This month’s DRG Learning Digest focuses on nonviolent collective action, what it is, why it works, and how outsiders can support it. 

  • Why Nonviolent Collective Action Works: Why nonviolent collective action helps democracies develop and remain resilient, and how nonviolent collective action is meeting the challenge of authoritarianism. 
  • External Support for Nonviolent Collective Action: Three main modalities of external support and why such support should not replace, but rather reinforce, self-generated local support. 
  • In Practice: DRG Support for Nonviolent Collective Action: Some examples of how DRG activities are currently supporting nonviolent collective action. 

The Case for Nonviolent Collective Action 

Why Nonviolent Collective Action Works

In their award-winning book, Why Civil Resistance Works, political scientists Erica Chenoweth and Maria Stephan describe the two main reasons why nonviolent collective action campaigns are more successful than violent ones. The first is that nonviolent campaigns have higher levels of participation. This is in part because a larger repertoire exists of low-risk nonviolent than violent actions. Also, deciding to participate in nonviolent collective action such as boycotting a business is less complicated morally than learning to use a weapon and actually using it. This relative ease of participating in nonviolent collective action can increase the diversity of participants. Women, youth, and the elderly often participate in nonviolent collective action.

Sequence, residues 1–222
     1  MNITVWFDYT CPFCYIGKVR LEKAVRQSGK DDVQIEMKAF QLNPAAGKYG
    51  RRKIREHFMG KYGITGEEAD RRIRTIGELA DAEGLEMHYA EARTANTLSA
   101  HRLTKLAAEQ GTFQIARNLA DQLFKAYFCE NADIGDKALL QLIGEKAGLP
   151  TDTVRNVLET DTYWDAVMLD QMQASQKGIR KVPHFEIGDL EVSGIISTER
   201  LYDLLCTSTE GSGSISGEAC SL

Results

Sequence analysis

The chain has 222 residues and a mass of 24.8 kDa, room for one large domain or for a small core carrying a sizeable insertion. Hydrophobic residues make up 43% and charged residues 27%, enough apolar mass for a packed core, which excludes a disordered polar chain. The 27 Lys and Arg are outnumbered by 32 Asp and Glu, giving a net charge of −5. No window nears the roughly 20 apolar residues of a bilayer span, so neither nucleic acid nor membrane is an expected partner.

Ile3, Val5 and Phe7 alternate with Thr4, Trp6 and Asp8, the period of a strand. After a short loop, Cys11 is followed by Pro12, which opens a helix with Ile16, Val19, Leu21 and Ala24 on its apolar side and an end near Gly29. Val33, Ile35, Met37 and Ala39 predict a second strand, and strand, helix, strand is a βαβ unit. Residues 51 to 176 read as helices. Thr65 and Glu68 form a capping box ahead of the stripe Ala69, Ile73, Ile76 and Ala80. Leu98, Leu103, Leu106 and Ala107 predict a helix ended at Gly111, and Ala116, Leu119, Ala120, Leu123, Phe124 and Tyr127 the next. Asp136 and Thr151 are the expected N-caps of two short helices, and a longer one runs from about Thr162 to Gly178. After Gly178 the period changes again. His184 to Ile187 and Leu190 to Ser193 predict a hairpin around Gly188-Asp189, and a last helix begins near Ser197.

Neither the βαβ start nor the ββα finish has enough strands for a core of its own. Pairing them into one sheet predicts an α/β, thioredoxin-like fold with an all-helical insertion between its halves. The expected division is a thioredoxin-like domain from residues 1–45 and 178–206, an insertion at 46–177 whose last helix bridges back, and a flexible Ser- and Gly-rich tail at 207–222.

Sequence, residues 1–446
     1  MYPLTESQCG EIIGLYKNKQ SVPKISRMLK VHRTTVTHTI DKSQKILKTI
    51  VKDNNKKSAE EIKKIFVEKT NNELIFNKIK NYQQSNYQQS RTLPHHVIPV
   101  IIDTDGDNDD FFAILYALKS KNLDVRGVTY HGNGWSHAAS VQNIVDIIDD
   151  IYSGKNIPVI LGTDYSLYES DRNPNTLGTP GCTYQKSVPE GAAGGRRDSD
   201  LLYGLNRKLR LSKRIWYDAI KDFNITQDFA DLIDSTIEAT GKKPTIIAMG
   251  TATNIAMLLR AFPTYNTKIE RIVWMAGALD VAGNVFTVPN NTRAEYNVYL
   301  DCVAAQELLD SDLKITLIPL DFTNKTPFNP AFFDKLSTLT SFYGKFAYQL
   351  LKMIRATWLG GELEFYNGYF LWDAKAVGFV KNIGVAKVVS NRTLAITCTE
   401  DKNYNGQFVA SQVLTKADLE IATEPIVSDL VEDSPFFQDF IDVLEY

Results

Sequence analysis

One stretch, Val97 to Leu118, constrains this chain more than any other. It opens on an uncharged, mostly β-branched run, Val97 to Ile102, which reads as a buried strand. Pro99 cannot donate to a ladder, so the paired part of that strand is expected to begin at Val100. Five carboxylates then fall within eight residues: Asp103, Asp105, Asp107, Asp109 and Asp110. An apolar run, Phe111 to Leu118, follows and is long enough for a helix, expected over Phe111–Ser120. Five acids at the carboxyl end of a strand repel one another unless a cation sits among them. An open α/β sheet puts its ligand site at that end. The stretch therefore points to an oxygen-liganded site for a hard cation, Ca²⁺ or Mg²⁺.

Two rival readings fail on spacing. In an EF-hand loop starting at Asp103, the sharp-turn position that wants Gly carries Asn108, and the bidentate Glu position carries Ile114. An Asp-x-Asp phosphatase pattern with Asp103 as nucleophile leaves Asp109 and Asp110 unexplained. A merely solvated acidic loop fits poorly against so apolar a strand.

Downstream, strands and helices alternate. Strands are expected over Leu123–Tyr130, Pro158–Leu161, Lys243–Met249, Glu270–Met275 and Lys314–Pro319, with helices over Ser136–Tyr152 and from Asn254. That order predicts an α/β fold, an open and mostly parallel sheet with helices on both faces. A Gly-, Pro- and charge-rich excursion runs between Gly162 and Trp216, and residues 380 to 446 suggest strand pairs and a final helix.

This participation advantage and increased diversity of participants leads to the second major factor in the success of nonviolent collective action campaigns: a range of strategic and tactical advantages. It is riskier for a regime to repress violently a nonviolent campaign that represents a larger, diverse population than it is to quash a minority violently. Nonviolent collective action campaigns that represent a broad swath of society are also likely to have greater and stronger social ties to officials in the government. Those ties can increase and improve the knowledge that the opposition has of how a regime operates. Those social ties also increase the likelihood that the opposition can encourage at least a hands-off approach or even defections from the government. And finally a more diverse opposition increases the potential diversity of tactics available to campaign participants, employing various high or low risk options as appropriate for the context. This facilitates the campaign’s ability to adapt to changing dynamics.